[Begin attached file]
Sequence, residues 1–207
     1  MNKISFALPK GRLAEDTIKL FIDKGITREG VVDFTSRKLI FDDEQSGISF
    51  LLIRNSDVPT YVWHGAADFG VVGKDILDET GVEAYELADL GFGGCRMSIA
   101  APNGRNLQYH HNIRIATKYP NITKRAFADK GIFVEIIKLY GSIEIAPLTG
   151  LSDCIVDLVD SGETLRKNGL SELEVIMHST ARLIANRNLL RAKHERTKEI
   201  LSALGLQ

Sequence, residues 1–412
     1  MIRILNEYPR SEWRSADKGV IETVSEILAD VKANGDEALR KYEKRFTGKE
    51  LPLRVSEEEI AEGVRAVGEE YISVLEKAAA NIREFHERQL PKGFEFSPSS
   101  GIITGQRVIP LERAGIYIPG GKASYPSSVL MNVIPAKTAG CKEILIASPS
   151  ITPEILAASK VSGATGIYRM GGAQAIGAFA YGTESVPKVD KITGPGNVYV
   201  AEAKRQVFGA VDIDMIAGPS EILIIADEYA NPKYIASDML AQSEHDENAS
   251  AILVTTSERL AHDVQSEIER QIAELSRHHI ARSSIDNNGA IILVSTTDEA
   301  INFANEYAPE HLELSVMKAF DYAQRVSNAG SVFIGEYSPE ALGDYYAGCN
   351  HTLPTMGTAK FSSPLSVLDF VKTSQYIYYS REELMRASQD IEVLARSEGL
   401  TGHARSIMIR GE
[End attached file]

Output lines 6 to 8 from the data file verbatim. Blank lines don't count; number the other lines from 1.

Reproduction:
   201  LSALGLQ

Sequence, residues 1–412
     1  MIRILNEYPR SEWRSADKGV IETVSEILAD VKANGDEALR KYEKRFTGKE